In an alternative embodiment of the invention, the clock distribution apparatus 109 may be constructed as shown in FIG. 13. In this embodiment, a phase-locked loop 141 is inserted between the clock source 111 and each phase shift block 91-94. With reference to FIG. 14, the phase-locked loop, PLL, delays or advances forward in time, the edge from the clock source, CLK, by an amount T
In still another embodiment shown in FIG. 15, a frequency divider 142 is inserted between the clock source 111 and each phase shift block 91-94. The frequency divider 142 is capable of supplying a different frequency to each phase shift block 91-94. In this manner, the frequency of the clock source 111 may be made different for each digital subsystem 121-124.
FIG. 16 shows a phase shift block 143 in accord with the present invention. The phase shift block 143 consists of an adjustable delay element 165, an output driver 167, a current mirror 169, a time measurement unit 145 a, and a computational circuit 145 b. This circuitry may be digital or analog in nature, however an analog implementation allows for a high level of precision in a minimum of physical area. Clock source 164 sends a clock edge through the adjustable delay element 165 to the output driver 167 which incorporates current mirror 169. The clock edge then goes through a source series terminating resistance 171 and a transmission line 173 to reach a load impedance ZL 175.
The phase shift block 143 requires that the time measurement unit 145 a provide a robust measurement of the round trip time, T
Since it is the total, or the near total, charge Q
The time measurement unit 145 a is designed to start counting time when current flow begins and to stop counting time when an amount of charge equal to Q
When the output driver 167 launches a clock edge, I
Switch 159 is made to be conducting at the launch of a new clock edge by the output driver 167. Therefore I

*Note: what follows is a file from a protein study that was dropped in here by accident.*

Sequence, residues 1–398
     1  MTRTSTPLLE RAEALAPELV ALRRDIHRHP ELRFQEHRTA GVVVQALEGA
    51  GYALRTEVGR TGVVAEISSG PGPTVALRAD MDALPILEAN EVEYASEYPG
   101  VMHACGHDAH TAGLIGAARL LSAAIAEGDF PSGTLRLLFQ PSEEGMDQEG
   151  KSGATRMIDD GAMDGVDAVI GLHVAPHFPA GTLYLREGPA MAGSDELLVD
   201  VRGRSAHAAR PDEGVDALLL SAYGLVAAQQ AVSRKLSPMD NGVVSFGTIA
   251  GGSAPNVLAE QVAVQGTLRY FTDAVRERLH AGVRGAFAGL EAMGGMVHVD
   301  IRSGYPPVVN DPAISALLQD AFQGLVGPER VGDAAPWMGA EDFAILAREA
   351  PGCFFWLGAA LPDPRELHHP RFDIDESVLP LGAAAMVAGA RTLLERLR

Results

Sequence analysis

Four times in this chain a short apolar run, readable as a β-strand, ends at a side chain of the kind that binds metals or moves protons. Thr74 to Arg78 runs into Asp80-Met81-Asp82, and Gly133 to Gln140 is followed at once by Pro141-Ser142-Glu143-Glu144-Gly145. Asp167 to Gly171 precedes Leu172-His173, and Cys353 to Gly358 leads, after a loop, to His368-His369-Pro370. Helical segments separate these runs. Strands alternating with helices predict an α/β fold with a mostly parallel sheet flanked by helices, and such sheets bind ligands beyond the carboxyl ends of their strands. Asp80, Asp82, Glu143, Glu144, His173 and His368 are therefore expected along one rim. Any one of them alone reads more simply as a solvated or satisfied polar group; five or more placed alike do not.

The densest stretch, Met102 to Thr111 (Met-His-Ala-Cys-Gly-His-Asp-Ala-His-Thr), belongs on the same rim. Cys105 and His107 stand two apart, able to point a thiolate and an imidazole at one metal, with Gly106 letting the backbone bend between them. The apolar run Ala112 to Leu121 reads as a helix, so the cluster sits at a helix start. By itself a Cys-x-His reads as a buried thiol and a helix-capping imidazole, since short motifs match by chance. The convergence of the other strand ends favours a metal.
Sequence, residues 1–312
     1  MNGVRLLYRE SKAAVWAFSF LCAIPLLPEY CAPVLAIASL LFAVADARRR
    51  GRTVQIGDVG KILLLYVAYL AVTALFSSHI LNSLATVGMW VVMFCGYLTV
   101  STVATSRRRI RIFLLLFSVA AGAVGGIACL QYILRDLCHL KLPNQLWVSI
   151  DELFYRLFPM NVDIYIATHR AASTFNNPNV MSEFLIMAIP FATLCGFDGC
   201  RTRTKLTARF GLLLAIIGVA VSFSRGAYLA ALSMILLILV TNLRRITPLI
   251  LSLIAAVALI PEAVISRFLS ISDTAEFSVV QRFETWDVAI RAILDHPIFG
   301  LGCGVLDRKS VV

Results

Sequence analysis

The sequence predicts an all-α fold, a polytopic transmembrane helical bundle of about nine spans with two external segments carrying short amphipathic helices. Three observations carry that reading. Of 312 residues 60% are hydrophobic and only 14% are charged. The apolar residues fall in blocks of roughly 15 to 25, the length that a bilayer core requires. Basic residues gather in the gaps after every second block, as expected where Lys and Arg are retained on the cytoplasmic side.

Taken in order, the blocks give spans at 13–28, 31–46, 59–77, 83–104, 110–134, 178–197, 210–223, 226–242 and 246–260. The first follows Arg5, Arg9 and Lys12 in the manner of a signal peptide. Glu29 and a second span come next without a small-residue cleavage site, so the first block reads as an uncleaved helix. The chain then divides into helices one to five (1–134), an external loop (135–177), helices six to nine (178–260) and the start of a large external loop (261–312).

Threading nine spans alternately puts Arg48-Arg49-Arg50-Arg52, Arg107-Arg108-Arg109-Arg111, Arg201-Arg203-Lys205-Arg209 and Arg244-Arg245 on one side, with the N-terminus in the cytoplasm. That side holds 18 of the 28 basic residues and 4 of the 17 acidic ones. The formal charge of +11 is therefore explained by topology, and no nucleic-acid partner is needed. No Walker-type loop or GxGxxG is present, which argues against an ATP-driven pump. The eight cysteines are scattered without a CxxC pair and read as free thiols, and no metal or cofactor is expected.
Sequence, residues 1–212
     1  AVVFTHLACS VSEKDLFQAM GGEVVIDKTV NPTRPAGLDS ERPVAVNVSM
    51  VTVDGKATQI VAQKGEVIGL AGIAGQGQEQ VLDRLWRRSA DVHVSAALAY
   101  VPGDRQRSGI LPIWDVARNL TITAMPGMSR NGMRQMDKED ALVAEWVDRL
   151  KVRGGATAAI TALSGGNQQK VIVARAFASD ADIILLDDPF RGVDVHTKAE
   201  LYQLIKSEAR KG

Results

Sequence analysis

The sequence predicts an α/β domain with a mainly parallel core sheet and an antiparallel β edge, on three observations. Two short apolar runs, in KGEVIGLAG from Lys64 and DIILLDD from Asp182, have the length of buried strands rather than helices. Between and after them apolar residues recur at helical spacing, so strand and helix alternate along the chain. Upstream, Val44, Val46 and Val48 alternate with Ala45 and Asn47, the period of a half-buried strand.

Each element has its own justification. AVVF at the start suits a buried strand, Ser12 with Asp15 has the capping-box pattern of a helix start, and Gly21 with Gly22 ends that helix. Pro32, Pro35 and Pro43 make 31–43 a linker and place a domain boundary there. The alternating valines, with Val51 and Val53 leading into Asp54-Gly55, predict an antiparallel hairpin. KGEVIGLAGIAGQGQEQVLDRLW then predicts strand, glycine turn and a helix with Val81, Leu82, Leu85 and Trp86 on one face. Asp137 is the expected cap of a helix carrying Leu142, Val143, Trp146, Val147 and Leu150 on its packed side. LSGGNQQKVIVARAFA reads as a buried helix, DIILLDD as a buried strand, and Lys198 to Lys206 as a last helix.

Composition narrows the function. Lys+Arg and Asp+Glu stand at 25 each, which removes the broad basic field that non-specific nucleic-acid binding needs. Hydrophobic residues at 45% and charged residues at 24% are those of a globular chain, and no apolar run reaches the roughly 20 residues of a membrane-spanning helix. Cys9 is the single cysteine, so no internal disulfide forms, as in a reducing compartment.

FIG. 18 shows an internal description of the computational circuit 145 b. The computational circuit 145 b associated with the time measurement unit 145 a of this embodiment maintains a balance of charge on a second storage capacitor 183 through the use of three modules controlling three different current sources; I
The first module consists of a reference voltage controlled delay, 177, which is always set to the maximum allowable delay, T
The second module of the circuit comprises a second current source, I
But, as explained above, the time measurement unit 145 a may introduce a small offset into the measurement of T
The third module of the circuit comprises a third current source I
The relationship Q=(T) (I) which defines charge, Q, as the multiple of time, T, and current, I, is well known in the art. Using this relationship, equation 3 can be rewritten as:
Since the magnitude of I
Which can be reduced to:
and then rearranged to match equation 2, the desired result:
For a simplified functional description of the computational circuit, assume that the maximum allowable delay that can be added to the clock source 164 is 5 ns and that the second storage capacitor 183 has a capacitance of 1 farad. Further assume that I